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“I buy on the assumption that they could close the market the next day and not reopen it for five years.”

— Warren Buffett

The Warren Buffett investment philosophy calls for a long-term investment horizon, where a five year holding period, or even longer, would fit right into the strategy. How would such a strategy have worked out for an investment into Franklin Resources, Inc. (NYSE: BEN)? Today, we examine the outcome of a five year investment into the stock back in 2014.

Start date: 05/02/2014


End date: 05/01/2019
Start price/share: $52.95
End price/share: $34.04
Starting shares: 188.86
Ending shares: 228.81
Dividends reinvested/share: $7.30
Total return: -22.11%
Average annual return: -4.88%
Starting investment: $10,000.00
Ending investment: $7,786.80

The above analysis shows the five year investment result worked out poorly, with an annualized rate of return of -4.88%. This would have turned a $10K investment made 5 years ago into $7,786.80 today (as of 05/01/2019). On a total return basis, that’s a result of -22.11% (something to think about: how might BEN shares perform over the next 5 years?). [These numbers were computed with the Dividend Channel DRIP Returns Calculator.]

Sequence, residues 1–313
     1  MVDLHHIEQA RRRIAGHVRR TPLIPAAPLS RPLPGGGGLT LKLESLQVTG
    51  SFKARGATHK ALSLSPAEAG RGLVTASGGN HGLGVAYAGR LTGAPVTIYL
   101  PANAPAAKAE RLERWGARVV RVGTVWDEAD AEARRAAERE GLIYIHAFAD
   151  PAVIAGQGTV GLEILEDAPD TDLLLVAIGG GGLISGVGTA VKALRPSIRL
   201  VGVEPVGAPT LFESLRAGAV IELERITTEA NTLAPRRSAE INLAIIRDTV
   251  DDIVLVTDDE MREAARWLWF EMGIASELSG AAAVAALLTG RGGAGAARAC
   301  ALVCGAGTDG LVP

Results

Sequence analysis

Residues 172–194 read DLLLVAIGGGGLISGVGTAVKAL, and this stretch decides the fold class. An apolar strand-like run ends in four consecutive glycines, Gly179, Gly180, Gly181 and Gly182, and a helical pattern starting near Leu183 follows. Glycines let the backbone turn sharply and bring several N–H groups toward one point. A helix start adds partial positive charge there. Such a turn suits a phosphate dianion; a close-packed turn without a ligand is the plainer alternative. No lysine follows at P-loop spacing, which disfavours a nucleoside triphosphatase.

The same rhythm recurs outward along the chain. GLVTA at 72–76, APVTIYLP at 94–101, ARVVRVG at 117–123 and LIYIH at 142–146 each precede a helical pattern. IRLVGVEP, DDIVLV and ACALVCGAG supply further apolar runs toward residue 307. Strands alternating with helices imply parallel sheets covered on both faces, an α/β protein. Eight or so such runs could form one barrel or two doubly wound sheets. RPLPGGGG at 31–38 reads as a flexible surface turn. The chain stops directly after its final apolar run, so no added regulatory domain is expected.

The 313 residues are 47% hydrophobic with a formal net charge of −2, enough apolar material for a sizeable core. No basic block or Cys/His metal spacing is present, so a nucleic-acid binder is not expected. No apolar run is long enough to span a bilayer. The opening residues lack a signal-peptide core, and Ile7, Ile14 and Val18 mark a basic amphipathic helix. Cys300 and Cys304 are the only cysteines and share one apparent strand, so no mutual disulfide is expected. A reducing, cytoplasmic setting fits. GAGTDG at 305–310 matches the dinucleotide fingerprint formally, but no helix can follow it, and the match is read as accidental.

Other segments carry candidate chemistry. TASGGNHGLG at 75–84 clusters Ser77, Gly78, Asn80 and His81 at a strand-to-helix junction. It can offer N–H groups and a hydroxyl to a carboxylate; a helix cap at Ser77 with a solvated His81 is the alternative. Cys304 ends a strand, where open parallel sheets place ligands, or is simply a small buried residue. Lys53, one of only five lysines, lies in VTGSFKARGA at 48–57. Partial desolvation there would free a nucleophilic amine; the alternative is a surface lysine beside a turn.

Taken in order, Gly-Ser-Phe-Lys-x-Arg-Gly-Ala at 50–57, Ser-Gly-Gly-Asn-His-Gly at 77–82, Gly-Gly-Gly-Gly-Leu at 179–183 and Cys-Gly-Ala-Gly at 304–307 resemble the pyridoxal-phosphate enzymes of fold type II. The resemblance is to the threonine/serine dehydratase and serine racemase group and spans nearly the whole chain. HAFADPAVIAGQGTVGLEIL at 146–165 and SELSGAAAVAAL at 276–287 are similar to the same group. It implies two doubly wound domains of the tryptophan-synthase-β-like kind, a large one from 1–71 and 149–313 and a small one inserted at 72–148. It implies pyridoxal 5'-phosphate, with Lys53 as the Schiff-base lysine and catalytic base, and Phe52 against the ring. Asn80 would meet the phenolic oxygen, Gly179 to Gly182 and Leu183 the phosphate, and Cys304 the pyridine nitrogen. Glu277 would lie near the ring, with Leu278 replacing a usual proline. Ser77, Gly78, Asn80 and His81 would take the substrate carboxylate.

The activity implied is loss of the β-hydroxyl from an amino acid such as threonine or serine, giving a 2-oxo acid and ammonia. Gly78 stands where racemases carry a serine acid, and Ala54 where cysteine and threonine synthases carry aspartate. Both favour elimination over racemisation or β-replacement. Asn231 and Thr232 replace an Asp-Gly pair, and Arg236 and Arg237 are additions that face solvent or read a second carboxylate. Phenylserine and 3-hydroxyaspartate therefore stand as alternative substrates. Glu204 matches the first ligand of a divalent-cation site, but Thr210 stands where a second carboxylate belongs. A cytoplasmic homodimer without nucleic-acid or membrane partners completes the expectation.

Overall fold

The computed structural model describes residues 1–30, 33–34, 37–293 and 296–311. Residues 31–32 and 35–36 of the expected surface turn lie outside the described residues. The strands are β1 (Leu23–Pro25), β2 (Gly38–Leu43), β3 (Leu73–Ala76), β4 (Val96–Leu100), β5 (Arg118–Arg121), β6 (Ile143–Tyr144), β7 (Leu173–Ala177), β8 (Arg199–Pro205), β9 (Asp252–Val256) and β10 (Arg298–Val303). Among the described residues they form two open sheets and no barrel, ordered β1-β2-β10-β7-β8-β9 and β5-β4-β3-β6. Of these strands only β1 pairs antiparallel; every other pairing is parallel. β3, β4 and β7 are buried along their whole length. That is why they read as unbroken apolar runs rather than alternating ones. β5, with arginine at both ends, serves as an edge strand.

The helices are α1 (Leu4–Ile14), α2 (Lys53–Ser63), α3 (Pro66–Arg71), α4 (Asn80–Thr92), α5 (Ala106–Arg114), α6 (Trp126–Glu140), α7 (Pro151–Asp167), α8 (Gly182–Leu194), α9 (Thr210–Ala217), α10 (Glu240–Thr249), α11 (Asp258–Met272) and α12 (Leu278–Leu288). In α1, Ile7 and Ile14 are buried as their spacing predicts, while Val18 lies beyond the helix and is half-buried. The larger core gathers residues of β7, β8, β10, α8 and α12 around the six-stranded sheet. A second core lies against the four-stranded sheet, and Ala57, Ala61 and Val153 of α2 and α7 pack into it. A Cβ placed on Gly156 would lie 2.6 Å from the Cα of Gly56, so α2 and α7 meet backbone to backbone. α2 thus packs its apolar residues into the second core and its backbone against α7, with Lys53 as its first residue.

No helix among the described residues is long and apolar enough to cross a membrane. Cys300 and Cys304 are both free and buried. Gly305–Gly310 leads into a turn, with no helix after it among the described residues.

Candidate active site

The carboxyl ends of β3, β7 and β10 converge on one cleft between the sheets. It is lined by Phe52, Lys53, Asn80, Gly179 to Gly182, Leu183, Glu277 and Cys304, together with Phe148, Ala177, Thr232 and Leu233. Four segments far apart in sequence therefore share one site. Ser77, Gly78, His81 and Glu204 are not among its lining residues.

Notice that Franklin Resources, Inc. paid investors a total of $7.30/share in dividends over the 5 holding period, marking a second component of the total return beyond share price change alone. Much like watering a tree, reinvesting dividends can help an investment to grow over time — for the above calculations we assume dividend reinvestment (and for this exercise the closing price on ex-date is used for the reinvestment of a given dividend).

Based upon the most recent annualized dividend rate of 1.04/share, we calculate that BEN has a current yield of approximately 3.06%. Another interesting datapoint we can examine is ‘yield on cost’ — in other words, we can express the current annualized dividend of 1.04 against the original $52.95/share purchase price. This works out to a yield on cost of 5.78%.

Another great investment quote to think about:
“There’s a virtuous cycle when people have to defend challenges to their ideas. Any gaps in thinking or analysis become clear pretty quickly when smart people ask good, logical questions.” — Joel Greenblatt